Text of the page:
|~ Chamomile growing in clumps on the pebbly beach ~|
As I see it, there are two main issues in a summertime community garden: ensuring the veg get the right amount of water and to hope that veg and flowers are harvested as appropriate - which, actually, is what we all worry about, isn't it? I asked neighbours to help themselves to courgettes, carrots, beetroot, onions and please keep picking the sweet peas; the beans had not yet flowered and the tomatoes were still green so those would wait for my return. It's best to designate one person to oversee watering so that the plants aren't deluged morning and night - or forgotten entirely - but, apparently, it rained almost every day while I was away so that task was taken care of by kindly Mother Nature. (The copious plants on my Edible Balcony were taken care of by a trusty friend.)
The picking of produce was another matter entirely. It seems that my time in the garden has earmarked the space as being my own and (most) people are loathe to help themselves for fear of being seen to overstep the mark. (On reflection, this is probably good.) Despite cutting several courgettes before I left, and telling folks to help themselves, most were still there when I returned, as were a few handfuls of raspberries still hanging on the canes and other veg untouched.
After a (blustery but dry) week away, my first thoughts after unpacking were to pop down to the garden where I found plenty of weeds, beans covered in purple flowers (hurrah!), radishes ready to eat (3 weeks after sowing), beetroot needing lifting (some about to bolt which I'll leave for seed), recently sown peas clambering half way up the netting - and a 20 inch courgette which made a nice 'baked and stuffed marrow' supper!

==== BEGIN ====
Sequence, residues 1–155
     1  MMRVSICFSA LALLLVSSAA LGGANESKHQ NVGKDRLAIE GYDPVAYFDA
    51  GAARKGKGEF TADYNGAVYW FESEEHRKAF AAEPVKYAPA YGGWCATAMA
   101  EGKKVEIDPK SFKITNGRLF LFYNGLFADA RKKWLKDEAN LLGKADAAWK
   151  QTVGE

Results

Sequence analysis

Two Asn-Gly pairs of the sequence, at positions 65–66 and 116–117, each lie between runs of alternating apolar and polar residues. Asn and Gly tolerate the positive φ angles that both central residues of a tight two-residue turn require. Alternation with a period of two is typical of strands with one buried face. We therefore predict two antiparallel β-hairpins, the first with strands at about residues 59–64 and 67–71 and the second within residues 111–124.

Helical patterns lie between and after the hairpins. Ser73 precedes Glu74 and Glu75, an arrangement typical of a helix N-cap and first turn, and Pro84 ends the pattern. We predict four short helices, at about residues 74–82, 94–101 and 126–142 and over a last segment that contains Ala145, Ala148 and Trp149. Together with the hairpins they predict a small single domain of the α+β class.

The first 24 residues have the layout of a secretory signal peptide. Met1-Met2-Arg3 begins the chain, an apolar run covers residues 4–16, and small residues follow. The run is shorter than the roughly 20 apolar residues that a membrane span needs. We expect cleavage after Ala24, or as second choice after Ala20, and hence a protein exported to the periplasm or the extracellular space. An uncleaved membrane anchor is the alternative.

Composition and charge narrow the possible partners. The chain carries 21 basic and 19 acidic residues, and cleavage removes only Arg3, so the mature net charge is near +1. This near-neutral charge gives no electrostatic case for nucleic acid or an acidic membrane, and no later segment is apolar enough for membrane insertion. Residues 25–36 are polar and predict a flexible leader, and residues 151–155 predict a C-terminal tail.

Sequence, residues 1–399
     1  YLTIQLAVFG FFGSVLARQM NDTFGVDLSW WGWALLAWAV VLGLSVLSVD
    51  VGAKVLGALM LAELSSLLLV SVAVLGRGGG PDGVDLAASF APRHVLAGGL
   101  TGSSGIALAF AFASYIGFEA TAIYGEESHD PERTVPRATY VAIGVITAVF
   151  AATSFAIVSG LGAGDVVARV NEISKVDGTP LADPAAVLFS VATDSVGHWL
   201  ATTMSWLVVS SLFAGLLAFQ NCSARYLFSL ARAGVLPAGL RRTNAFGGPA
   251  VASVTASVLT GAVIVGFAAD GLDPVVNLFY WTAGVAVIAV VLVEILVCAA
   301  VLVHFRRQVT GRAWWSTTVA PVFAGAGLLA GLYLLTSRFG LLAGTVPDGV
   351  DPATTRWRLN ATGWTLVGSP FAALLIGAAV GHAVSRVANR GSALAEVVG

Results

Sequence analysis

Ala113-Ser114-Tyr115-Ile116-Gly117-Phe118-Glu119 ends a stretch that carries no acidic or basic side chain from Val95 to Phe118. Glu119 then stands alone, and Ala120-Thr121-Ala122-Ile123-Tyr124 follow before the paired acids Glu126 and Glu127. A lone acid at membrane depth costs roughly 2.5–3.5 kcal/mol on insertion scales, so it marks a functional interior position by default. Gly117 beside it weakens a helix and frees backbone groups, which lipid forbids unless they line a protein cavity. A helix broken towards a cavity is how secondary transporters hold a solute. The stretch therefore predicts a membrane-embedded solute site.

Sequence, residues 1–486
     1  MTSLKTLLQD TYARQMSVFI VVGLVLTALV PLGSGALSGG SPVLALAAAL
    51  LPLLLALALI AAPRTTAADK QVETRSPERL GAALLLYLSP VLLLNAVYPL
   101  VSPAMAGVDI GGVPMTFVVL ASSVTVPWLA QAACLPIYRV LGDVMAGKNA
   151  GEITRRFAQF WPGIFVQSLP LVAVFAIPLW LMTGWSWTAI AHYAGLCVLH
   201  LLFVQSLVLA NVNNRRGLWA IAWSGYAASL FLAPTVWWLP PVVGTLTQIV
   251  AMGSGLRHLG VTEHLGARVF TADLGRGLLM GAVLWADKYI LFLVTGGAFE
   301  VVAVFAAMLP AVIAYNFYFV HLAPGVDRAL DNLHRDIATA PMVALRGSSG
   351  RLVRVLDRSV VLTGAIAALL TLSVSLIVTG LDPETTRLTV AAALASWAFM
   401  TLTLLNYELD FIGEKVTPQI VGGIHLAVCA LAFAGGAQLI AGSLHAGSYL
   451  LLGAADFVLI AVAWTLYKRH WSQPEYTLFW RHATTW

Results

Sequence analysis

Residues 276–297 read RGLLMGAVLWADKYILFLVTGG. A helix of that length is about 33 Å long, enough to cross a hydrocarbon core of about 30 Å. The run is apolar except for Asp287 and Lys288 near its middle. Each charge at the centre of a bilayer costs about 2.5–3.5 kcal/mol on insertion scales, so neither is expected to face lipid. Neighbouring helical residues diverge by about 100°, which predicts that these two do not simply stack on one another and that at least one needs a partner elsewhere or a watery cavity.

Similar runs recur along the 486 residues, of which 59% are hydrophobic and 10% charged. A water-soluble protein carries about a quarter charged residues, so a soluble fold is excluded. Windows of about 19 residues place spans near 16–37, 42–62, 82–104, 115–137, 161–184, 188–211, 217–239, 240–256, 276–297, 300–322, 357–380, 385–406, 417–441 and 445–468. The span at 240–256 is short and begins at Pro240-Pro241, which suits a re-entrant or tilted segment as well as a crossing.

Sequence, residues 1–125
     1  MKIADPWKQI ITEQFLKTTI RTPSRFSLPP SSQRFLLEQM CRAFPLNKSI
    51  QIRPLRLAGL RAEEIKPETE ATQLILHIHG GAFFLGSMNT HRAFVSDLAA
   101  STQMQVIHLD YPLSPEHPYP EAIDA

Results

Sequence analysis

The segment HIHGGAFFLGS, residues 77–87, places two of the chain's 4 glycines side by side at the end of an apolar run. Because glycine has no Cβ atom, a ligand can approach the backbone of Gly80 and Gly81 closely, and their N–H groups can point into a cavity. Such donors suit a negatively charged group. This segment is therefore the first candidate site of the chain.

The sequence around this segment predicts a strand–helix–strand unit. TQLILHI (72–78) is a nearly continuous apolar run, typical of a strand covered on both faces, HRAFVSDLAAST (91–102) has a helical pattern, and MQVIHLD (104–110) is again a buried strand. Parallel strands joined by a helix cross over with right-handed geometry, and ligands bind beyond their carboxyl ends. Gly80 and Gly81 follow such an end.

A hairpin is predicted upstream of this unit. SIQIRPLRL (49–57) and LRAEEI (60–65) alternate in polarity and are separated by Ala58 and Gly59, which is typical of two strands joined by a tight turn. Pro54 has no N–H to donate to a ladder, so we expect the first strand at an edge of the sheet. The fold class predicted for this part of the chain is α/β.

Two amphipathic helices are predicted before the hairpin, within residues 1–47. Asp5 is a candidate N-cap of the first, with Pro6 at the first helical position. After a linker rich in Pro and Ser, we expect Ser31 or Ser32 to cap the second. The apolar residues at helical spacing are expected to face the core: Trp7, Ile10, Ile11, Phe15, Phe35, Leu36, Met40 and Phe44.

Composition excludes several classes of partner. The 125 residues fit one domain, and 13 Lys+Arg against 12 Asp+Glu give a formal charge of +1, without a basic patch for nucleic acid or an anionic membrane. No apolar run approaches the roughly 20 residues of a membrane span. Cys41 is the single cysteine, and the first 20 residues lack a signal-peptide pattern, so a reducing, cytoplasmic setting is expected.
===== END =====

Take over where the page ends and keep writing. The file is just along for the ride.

The sweet peas, sadly, have all but died off with just a few Cupani left. As the weather has been chill and overcast in the last week, this somehow seems symbolic of the slow gentle slide down into autumn - although surely mid-August is too early for this?
And where did I go for my fresh sea air? To Littlehampton, a small harbour town in West Sussex, located between Chichester and Brighton and now plying a fine, but not overwhelming, tourist trade. It's an old fashioned town where, I've since discovered, the tiny cinema is in an old windmill on the seafront. More obviously, the harbour is full of brightly coloured fishing boats and ice cream shops, fresh fish is sold on Rope Walk (the quayside) and you can sit overlooking the Blue Flag beach on the longest bench in the world. This seating continues along the seafront and was installed over the last couple of years at an eye-watering £1 million.
A week goes so quickly so I missed seeing the Art Deco shelters in the award winning municipal gardens, but I did manage a hike along the seafront towards Rustington where the now-pebbly beach was studded with marine vegetation. What could better?